For the first 20 years of my life, I was oblivious to what SMA was. At a young age, I realized that I was different and wondered why my body failed me. I was in college earning an Associate’s degree with plans to go on to obtain my Bachelor’s when I got my diagnosis.
Adult with SMA
I was excited to finally learn what was causing me to fall frequently, have difficulty walking, and climbing stairs. When I arrived at the hospital to get the results of my muscle biopsy and EMG testing, I was greeted by a team of professionals with sullen faces. I was confused as to why their expressions didn’t correspond with the joyous event of solving a 20-year-old mystery. After the neurologist presented me with the name, spinal muscular atrophy, I smiled with ignorance and asked, “So how do we fix it?” He went on to explain that there was no treatment or cure. My smile faded and my expression mimicked theirs as my hopes for being normal were quashed.
The first thing I asked was, “So I’m always going to fall and have problems going up stairs?” One of the doctors chimed in with, “So your husband will buy you a ranch house.” I replied with, “How will I be able to get married and have kids?” She reassuringly stated, “Lots of weak people have children.” The genetic counselor explained that my parents were carriers and had both passed the gene on to me. I asked the doctor to write the name down. I stared at the letters written in his small, crooked handwriting as they informed me that it was progressive and that I would continue to get weaker. This knowledge caused me to frantically enter into a lifelong game of ‘beat the clock.’
After I graduated, I decided to put my education on hold to pursue motherhood. The clock was ticking and the threat of trading walking in heels for being pushed on wheels was constantly on my mind. Unlike Cinderella, who was warned that her carriage would turn into a pumpkin at the strike of twelve, I had no idea when my luck would run out.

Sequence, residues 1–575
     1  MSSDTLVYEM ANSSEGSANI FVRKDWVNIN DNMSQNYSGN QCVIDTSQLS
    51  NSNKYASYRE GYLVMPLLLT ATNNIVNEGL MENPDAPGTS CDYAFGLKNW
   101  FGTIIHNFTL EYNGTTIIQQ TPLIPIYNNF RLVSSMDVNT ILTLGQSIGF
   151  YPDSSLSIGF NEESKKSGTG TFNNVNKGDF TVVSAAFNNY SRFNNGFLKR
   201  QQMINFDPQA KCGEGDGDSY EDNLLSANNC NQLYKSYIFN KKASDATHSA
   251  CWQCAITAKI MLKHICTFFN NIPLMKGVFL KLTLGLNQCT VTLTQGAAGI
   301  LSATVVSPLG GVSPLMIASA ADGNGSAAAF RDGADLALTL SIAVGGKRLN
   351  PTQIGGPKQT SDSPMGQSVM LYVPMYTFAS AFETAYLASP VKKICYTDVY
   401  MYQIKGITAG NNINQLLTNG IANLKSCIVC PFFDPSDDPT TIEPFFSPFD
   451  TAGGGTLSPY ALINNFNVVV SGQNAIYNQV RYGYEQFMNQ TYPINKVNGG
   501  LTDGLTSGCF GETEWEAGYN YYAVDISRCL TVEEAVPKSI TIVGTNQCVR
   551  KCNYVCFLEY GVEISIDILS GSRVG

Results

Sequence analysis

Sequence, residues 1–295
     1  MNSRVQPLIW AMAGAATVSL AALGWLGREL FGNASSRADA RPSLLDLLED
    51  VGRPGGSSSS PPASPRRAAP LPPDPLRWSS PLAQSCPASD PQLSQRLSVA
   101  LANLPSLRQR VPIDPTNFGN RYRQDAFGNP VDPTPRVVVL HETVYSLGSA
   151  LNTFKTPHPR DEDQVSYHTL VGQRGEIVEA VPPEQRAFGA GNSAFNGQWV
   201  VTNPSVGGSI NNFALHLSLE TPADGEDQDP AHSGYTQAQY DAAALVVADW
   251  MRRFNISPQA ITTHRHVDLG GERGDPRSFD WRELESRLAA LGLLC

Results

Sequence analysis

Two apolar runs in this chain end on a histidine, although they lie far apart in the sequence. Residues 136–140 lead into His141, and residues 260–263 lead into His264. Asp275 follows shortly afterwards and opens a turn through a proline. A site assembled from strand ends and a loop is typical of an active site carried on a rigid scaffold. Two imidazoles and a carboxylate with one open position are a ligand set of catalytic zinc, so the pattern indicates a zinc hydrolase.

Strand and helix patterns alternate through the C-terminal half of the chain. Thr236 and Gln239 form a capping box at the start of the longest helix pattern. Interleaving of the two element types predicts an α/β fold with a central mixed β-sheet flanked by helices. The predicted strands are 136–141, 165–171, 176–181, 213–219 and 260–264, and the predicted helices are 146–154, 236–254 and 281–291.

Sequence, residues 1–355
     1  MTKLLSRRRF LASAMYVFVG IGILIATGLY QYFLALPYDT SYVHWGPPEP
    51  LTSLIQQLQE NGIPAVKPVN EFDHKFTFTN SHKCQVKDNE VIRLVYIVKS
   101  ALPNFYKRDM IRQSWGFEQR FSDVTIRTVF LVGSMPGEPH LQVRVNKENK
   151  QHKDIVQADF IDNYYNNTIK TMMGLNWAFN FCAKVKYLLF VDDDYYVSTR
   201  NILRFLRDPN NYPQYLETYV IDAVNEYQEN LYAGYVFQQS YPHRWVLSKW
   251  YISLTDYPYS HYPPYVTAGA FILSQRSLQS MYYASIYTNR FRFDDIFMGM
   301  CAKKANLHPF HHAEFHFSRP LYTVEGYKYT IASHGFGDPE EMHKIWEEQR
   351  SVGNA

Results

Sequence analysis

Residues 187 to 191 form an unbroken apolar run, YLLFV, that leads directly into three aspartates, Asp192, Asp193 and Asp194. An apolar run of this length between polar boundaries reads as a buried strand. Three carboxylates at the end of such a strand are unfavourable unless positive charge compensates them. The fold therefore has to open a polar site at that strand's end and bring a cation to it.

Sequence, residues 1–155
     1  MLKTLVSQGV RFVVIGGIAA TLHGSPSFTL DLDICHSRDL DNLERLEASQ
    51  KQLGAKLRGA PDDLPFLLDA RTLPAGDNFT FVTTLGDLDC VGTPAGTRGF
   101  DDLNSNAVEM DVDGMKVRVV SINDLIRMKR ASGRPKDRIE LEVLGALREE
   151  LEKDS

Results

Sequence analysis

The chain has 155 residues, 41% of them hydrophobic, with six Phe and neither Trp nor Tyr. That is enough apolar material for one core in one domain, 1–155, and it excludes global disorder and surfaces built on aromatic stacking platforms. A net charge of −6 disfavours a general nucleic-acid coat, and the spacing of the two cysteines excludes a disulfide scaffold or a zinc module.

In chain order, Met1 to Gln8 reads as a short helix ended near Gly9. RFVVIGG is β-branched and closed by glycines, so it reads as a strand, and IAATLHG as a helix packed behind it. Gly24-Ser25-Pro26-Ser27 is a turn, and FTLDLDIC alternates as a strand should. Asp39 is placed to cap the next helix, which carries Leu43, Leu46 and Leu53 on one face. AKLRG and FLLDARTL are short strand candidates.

I was married at 21, and had 2 healthy sons by 23. The marriage that I rushed into ended shortly after my second child was born. Caring for 2 children under the age of 2 was challenging. For 5 years, my sole existence was to care for my children. When they started school, the clock in my head had begun to tick a little louder. I was lucky that I hadn’t progressed much since my diagnosis, but was afraid that my fairy godmother would wave her wand and put me in a permanent seated position. My children watched me fall and eventually began picking me up. Being their only role model, I wanted them to look up to me and see strength. I had to return to school to earn my Bachelor’s degree before it was too late. If I was lucky, I might be able to work for a few years before the inevitable happened.
A year after earning my degree, I got a permanent position as a school-based speech therapist. I was thrilled to be working and supporting my family. A few months later, I met my current husband. Four years later, we were married and for the first time, I had a partner to rely on to make things easier. As I settled into married life, the clock began to tick again. It was time to acquire my Master’s degree. It was going to be difficult working full time and going to school in the evenings with 2 teenage boys, but the ticking pushed me forward.
I fell often at work but I always got up or was picked up by kind coworkers. Every day that I worked was a blessing and every year was a gift. I often wondered when my clock would strike 12 and end my career. After 14 years, a severe knee injury led to my retirement. I traded my heels in for a cane and eventually got a scooter for vacations and trips to the mall.
I decided to embrace the idea that I may need the scooter full time one day soon. I thought about all that I had accomplished and realized that I didn’t have to beat the clock anymore. I was ready to hear it toll 12 times. It was acceptance rather than defeat that I felt. I’ve since learned to live in the present and enjoy the abilities that I still have without listening to the constant ticking of a clock.
I grew up in Brooklyn. My first job was in an office in Manhattan. The trip to the train station meant that I had to walk one block and one long avenue to get to the train, then I had the arduous task of climbing 3 flights of stairs to get to the elevated platform.